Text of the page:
Building a Bridge
Building a Bridge: How the Catholic Church and the LGBT Community Can Enter into a Relationship of Respect, Compassion and Sensitivity by James Martin, SJ
What a topic to tackle. When I was in Washington, DC attending the Ignatian Family Teach-in for Justice, Fr Jim Martin, SJ gave a breakout presentation on the book I am reviewing here today. He began with saying that he had wanted to write this book for a long time, and I am very happy that he did! It is time that we, as Catholics, have a serious discussion about sexuality.
But, before we begin here, let’s take a look at how Canadian Catholics have fared on this issue: between 1967 and 1969, the Government of Canada moved to decriminalise homosexuality. This work was started by Jesuit educated Pierre Elliott Trudeau and finished by another devout Catholic, John Turner.
Fast forward to the 1990s, it is Catholic Liberal Prime Minister Jean Chrétien who ensconces discrimination against LGBT Canadians into the Human Rights Act. And, finally, in 2005, it is Catholic Liberal Prime Minister Paul Martin who makes marriage equality a reality from coast-to-coast-to-coast.
Further to this, the Jesuits in Toronto have a long history of ministering to those with HIV/AIDS. So, there are Catholics who are already in dialogue and working with LGBT Canadians/LGBT Canadian Catholics, but in this book, Fr Martin looks at the overall (that is, American) relationship between the LGBT Community and the institutional Church. Let’s dive right on in.
I agree with Fr Martin that this must be a two-way street. The difficulty that arises is that people on both sides tend to talk past each other and over each other without listening. I like that he uses the Catechism of the Catholic Church as well as the Bible itself to narrate this story.
This must be a relationship founded upon respect, compassion, and sensitivity. But, often on both sides, there is hurt and fear that get in the way. I think that Fr Martin provides excellent advice and guidance to LGBT Catholics and insights that are often hidden away or seldom discussed, such as the story of the Roman centurion.
It is clear that there is a loving same-sex relationship happening between the centurion and his servant. Christ does no condemn the centurion or the servant. He heels the servant and praises the centurion for his faith. This is the message we need to be hearing from the pulpit.
In both the book and Fr Martin’s breakout presentation in Washington, DC, he spoke of naming, and the power it has. We must respect what people want to be called. My name is Luke. It is not Lucas. It never has been nor will it ever been that. And I expect that people respect that. It is the same with the LGBT community. Catholics need to respect what people want to be called.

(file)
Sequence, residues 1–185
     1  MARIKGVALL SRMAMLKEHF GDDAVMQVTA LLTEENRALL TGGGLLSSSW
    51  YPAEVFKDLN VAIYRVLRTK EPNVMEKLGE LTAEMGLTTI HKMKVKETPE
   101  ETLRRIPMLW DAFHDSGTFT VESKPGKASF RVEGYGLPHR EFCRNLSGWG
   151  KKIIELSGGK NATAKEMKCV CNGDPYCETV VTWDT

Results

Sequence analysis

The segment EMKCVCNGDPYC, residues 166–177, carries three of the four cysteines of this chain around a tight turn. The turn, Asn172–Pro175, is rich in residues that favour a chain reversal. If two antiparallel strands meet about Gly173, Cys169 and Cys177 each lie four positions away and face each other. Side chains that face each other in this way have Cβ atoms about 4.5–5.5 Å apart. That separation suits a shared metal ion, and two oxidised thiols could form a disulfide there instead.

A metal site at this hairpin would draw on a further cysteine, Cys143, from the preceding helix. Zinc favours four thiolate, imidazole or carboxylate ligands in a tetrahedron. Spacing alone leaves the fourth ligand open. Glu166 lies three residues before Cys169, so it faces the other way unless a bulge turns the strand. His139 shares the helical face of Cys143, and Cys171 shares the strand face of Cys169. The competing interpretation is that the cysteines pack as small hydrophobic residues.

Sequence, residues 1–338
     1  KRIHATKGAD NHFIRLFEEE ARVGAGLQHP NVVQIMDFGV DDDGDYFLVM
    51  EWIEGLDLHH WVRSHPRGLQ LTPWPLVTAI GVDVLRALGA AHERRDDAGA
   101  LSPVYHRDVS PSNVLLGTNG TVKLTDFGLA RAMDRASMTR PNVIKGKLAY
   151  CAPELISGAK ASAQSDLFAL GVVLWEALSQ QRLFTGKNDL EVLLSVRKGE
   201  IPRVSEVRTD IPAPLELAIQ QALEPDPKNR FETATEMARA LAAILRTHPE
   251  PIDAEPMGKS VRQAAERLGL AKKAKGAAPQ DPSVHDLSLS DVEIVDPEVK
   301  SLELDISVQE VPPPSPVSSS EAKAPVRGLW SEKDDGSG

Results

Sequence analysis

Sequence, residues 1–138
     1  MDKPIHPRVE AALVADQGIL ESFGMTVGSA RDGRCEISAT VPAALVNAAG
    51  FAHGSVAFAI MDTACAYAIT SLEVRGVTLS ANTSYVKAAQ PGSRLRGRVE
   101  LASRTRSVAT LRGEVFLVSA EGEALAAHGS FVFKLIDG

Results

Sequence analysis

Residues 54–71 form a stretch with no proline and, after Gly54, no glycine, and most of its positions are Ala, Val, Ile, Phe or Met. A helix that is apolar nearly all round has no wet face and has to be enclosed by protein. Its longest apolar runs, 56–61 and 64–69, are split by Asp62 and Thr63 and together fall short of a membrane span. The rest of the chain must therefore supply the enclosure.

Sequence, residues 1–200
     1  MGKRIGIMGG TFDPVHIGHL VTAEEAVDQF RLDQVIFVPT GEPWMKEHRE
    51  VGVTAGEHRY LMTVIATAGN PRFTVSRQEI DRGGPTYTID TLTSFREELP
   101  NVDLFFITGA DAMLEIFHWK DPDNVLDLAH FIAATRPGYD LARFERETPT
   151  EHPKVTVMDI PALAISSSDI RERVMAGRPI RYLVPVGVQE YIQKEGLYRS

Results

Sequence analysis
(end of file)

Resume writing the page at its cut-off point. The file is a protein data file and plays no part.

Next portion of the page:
If someone tells you that they are gay, do not go and say that they are afflicted with a same-sex attraction. To me, that is as hurtful as being called a faggot. The simple message here is that we need to treat people as you would want to be treated. This is what all of our mothers and fathers taught us.
Fr Martin uses Psalm 139, which says that one is wonderfully made in one’s mother’s womb. This is an important message to broadcast in conjunction with the creation story from Genesis that says that God made humanity in His image. We are all children of God wonderfully made in His image.
Let us remember this when we judge someone and remember that His Holiness said ‘who am I to judge’ in his first year as pontiff. These are all crucial steps to moving forward to a relationship of respect, compassion, and sensitivity.
Now, it must be clear that I loved the book. I found great personal comfort and acceptance within the pages of this book. It was one of the fastest reads of a book I have ever done. However, there is one problem. The sentence before ‘respect, compassion, and sensitivity’ in the Catechism must be addressed. The sentence before refers to LGBT persons, Catholic or otherwise, as objectively disordered.
Let that sink in. The point of Fr Martin’s book is to mend the wounds that exist between the LGBT community and the institutional Catholic Church. The problem is, and I fully understand that the Church exists outside of the Western World in places where homosexuality is not accepted at all, that the phrase ‘objectively disordered’ undoes the good work of Fr Martin.
When I first read these words, it was like a frozen rod pierced through my heart. I had never understood on a personal level the hurt that the Church has caused to my community until I read that phrase. A priest explained to me that this objectively disordered phrase refers not just to queer people but to everyone. That may be the case; however, that does not come across when one reads the Catechism. In black and white, it makes queer Catholics feel subpar.
Although I think that Fr Martin has done an amazing problem in getting the ball rolling on this vital discussion, a discussion that could possibly save lives, we need to push the envelope further. We need to make sure that if we want to enter into a relationship truly founded on respect, compassion, and sensitivity then we need to start with sensitivity and strike the phrase objectively disordered from the Catechism because the hurt and distrust will continue to exist without the removal of the phrase.